Salt Lake City, Utah
June 20, 2004
June 20, 2004
June 23, 2004
9.1371.1 - 9.1371.11
Using Concepts from Statics and Mechanics of Materials to Teach Engineering Economy David Elizandro, Jessica Matson Tennessee Technological University
The spectrum of topical knowledge ranges from an awareness of a lack of knowledge to application of the knowledge without thought about the implied knowledge. The acquisition of knowledge can be facilitated when previous knowledge or experience can be applied to the learning process.
In Engineering Economy, the toolbox calculations are based on algebraic expressions for the relationship between present worth, future worth, or annual payments as a function of interest rate and number of compounding periods. For a basic toolbox equation with four parameters (e.g., P, A, F, i, or n), it is intuitive for engineering students that three of these parameters must be specified in order to solve for an unknown (i.e., one equation and one unknown). These problems may be solved without much thought about the implied knowledge.
After students become familiar with the basic toolbox calculations, the concept of Equivalence is introduced. This topic is based on a definition and is therefore not as intuitive. It is apparent that there is a different rate of learning and therefore ability to apply the concept. As students become familiar with the concept, errors as well as the time needed to solve an Equivalence problem decrease. The generally accepted approach is to teach the concept by presenting numerous applications of the definition. This paper presents an alternative by integrating the previously learned concept of moments from Statics and Mechanics of Materials. In this approach, students are able to perform the calculations with little understanding and then learn the concepts. The result is that much less time is allocated to learning these topics.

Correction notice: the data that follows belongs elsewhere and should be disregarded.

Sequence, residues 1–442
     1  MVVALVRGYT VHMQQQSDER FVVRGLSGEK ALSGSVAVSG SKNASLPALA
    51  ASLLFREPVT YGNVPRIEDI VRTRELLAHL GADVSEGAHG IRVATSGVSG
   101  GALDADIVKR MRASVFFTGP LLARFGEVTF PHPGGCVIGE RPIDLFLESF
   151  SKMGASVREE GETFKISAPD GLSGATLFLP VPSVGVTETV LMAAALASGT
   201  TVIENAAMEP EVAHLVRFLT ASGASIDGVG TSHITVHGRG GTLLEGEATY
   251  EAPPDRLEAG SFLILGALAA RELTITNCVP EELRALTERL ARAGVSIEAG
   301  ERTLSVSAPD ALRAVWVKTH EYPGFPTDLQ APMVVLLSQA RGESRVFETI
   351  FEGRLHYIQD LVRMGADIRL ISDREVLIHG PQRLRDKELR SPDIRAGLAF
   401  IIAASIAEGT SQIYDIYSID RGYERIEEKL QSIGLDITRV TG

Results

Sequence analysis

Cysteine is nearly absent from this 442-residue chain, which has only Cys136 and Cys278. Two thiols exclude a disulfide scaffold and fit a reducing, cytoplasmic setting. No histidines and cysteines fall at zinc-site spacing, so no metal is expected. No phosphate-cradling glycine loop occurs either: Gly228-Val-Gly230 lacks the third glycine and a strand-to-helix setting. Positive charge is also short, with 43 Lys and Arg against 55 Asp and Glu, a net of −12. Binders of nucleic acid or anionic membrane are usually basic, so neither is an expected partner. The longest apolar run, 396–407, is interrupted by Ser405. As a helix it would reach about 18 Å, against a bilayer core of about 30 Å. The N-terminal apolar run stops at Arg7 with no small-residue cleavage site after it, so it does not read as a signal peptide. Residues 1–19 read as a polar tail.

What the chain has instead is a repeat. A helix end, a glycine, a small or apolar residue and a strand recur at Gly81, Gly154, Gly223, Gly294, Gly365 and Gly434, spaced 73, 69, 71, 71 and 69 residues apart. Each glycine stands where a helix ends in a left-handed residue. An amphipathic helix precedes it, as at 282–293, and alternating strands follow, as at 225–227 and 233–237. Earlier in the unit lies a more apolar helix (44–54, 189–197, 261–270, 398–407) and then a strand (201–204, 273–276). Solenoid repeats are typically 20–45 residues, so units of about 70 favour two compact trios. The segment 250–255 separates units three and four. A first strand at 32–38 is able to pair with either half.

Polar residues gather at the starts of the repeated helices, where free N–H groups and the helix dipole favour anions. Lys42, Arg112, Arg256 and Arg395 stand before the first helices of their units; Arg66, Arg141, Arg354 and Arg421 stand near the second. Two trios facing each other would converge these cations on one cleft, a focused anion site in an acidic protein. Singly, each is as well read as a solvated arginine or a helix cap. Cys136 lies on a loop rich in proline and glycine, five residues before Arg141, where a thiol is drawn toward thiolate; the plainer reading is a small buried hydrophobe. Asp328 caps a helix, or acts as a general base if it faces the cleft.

In order to reduce the cost of higher education, engineering faculty are under pressure to reduce credit-hour requirements for their degree programs. For example, engineering programs in Tennessee recently were mandated to reduce engineering degree requirements to 128 credit hours. Faculty must carefully design degree programs that reflect these directives and at the same time minimize the potential effects of such directives on the public’s health and safety.
Elizandro and Matson1 have presented a systematic methodology for administering degree programs in this type of environment. That approach extends the ABET Criteria for Accrediting Engineering Programs2 by defining curriculum effectiveness and efficiency. Effectiveness refers to the achievement level of ABET Program Outcomes and Program Objectives, and efficiency measures the portion of the curriculum devoted to each Program Outcome and Program Objective.
An educational environment should be designed to move students from an awareness of a lack of knowledge to the application of the knowledge without thought about the implied knowledge.
Proceedings of the 2004 American Society for Engineering Education Annual Conference & Exposition Copyright © 2004, American Society for Engineering Education
Matson, J., & Elizandro, D. (2004, June), Using Concepts From Statics And Mechanics Of Materials To Teach Engineering Economy Paper presented at 2004 Annual Conference, Salt Lake City, Utah. https://peer.asee.org/13794
ASEE holds the copyright on this document. It may be read by the public free of charge. Authors may archive their work on personal websites or in institutional repositories with the following citation: © 2004 American Society for Engineering Education. Other scholars may excerpt or quote from these materials with the same citation. When excerpting or quoting from Conference Proceedings, authors should, in addition to noting the ASEE copyright, list all the original authors and their institutions and name the host city of the conference. - Last updated April 1, 2015